Don’t forget about drama

The start of the new year is approaching and students are packing up and preparing to return to campus. Posts on social media show my fellow scholars preparing their textbooks and tools for learning the many crafts that drew them to Baker University.

While scrolling through the pages and noticing the lack of interest in drama, I realized a sad truth: the number of students involved in theater in college continues to decline. Knowing the benefits that come with participating in the dramatic arts, seeing the decline become a trend is sadder still.

Because I was a bit of a loner, it always took a little extra courage for me to get out and try something new, but after taking a forensics class in high school with a teacher who encouraged me to take drama, I realized just how beneficial theater can be for anyone. Since joining my high school drama department and becoming involved in theater here at Baker, I have learned how to better speak in public and relate to others all while expanding my social network and spending time with amazing people.

When I asked around some of my classes why students have no interest in theater, their responses were that they’re too scared to audition or aren’t the acting type. In my experience, these seem to be the biggest culprits behind the depleting numbers, though both are easily overcome.

The word “audition” evokes fear into the heart of even the most professional performer, but after experiencing a few I’ve found that in the end they’re always rewarding and well worth the nerves. Knowing the people around me are just as nervous as I am always helps remind me that it’s OK to be nervous and provides a calming support group before an audition. With a sense of accomplishment after every one, I’ve realized that auditions are a great way to improve my public speaking skills and conquer my fear of performing in front of others.

Once I joined theater at Baker, I realized that like those that said, “acting is not for me,” I had more fun behind the stage than on it. What some students who avoid theater don’t realize is that you don’t have to be the next Matthew Morrison or Pam MacKinnon to be an integral part of the theater department. Behind the stage are jobs like lights, sound board, make-up, set design and construction, backstage crew and even stage managers for well organized individuals seeking work in management positions.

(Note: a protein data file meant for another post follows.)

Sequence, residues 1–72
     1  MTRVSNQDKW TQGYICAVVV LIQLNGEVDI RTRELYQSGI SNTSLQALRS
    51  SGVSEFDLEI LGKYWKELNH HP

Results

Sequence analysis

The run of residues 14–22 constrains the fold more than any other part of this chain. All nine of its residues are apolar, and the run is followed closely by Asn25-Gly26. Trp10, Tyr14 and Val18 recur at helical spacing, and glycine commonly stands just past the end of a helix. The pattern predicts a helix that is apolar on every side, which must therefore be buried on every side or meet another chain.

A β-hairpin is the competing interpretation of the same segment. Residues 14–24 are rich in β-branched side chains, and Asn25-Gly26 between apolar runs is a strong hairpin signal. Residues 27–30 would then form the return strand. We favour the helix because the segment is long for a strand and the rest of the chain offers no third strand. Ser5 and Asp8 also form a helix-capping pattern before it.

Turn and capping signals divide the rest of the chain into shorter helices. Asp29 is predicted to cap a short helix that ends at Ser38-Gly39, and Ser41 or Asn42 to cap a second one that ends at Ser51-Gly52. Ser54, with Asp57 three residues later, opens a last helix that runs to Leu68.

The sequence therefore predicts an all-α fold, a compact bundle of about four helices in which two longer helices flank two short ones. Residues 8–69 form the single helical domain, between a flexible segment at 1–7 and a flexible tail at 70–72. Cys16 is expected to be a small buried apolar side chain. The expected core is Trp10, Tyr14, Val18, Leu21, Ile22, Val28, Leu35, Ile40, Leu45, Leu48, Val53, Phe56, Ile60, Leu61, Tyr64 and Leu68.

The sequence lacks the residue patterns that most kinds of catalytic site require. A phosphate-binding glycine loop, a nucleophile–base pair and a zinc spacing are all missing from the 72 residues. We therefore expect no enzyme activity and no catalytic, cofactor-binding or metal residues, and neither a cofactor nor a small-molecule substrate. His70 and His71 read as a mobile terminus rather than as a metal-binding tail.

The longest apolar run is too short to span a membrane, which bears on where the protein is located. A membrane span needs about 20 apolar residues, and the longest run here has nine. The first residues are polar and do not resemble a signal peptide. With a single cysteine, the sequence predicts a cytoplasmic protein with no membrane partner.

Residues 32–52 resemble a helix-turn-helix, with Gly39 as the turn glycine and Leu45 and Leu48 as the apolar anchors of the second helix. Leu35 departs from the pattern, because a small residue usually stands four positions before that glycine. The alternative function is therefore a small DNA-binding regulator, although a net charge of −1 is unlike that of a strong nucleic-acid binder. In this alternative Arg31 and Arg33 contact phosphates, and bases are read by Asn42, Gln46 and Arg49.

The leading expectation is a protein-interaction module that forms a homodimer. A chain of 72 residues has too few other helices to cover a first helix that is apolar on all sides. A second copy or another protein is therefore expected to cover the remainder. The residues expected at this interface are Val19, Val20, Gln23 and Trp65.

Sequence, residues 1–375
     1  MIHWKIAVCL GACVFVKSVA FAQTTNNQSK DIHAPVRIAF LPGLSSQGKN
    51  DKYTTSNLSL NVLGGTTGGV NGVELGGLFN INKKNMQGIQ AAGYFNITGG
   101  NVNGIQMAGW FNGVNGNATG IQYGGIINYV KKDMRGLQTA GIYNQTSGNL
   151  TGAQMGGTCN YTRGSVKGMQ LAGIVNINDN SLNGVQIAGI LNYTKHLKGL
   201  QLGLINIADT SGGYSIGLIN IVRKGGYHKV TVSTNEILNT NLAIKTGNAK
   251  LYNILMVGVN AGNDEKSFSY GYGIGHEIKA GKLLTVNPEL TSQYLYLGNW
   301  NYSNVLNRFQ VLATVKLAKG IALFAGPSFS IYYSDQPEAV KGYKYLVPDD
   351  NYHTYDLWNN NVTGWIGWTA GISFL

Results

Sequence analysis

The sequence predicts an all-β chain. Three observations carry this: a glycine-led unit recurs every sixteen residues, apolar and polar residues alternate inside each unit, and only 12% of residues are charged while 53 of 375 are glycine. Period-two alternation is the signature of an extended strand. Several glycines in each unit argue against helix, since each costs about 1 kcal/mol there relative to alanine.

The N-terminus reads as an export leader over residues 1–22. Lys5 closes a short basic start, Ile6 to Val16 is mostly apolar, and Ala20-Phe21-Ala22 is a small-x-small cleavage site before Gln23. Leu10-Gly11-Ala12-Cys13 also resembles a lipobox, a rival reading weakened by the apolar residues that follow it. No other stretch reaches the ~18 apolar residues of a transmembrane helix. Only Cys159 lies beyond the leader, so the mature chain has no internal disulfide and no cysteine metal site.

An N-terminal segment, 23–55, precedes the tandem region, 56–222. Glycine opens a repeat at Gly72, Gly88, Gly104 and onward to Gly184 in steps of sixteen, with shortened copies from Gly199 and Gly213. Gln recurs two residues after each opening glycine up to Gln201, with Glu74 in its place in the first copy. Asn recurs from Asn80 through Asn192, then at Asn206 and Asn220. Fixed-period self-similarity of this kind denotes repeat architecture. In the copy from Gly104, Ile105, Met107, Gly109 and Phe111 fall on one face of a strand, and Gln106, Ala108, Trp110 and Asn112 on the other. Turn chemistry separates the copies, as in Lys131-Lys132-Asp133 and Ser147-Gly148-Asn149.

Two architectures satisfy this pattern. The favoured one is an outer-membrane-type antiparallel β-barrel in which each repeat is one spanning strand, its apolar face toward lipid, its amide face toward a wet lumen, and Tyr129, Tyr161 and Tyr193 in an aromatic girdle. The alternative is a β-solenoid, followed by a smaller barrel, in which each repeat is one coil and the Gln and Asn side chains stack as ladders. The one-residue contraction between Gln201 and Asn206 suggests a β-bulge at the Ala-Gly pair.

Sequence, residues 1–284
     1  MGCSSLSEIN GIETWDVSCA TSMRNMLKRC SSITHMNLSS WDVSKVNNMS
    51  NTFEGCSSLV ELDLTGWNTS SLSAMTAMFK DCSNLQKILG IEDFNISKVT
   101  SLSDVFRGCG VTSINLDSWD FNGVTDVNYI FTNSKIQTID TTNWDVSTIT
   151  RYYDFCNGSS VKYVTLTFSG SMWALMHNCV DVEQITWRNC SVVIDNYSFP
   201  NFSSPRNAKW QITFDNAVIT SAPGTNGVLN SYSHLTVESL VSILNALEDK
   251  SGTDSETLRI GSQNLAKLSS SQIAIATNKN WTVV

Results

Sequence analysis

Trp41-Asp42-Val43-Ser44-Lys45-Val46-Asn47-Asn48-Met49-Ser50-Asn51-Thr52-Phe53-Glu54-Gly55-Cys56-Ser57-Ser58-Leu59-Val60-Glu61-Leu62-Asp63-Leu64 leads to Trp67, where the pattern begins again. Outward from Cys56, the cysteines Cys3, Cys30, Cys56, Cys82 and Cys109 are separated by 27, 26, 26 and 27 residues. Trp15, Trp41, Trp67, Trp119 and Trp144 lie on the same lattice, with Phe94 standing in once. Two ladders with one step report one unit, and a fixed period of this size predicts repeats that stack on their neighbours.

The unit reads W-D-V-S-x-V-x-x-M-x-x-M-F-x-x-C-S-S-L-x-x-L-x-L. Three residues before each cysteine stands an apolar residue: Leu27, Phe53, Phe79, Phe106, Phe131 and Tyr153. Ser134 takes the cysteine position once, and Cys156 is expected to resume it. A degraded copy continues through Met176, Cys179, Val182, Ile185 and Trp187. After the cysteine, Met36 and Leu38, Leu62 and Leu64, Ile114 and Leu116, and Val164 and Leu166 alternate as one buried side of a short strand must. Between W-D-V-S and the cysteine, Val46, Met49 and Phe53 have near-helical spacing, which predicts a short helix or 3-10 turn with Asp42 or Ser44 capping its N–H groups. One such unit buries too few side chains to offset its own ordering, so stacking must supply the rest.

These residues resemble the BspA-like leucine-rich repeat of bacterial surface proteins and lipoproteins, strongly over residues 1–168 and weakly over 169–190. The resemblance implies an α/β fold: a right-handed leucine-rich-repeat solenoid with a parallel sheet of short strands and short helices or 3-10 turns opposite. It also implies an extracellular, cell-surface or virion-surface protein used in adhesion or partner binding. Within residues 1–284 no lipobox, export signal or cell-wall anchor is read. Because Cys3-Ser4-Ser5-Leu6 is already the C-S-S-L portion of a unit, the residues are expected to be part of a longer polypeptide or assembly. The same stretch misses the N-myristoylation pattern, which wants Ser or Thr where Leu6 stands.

Just as theater improved my ability to speak to people I didn’t know, it helped me work with and understand people I otherwise would not have. Whether it was stepping into the role of someone drastically different than myself or working with someone I’d never spoken to before, theater was constantly introducing me to new and unique individuals. With each introduction I learned more and more about my peers and developed lasting friendships with people I never imagined I’d talk to.

Along with social benefits, theater has been a tremendous help in teaching me to better manage my time. Regardless of whether I was on stage or not, theater was a demanding commitment that required dedication and perseverance. As well as learning lines, attending rehearsals and practicing or memorizing outside of rehearsal, I had to learn to balance my everyday responsibilities with an activity that is not as easy as it looks. Developing time management has proven to be one of the most useful skills since arriving at college, and future participation promises to help even more.

As a fan of the Department of Music and Theatre here at Baker, it would be more than thrilling to see more students step out of their comfort zone, try something new and breathe new life into a form of student expression and development as beneficial as theater.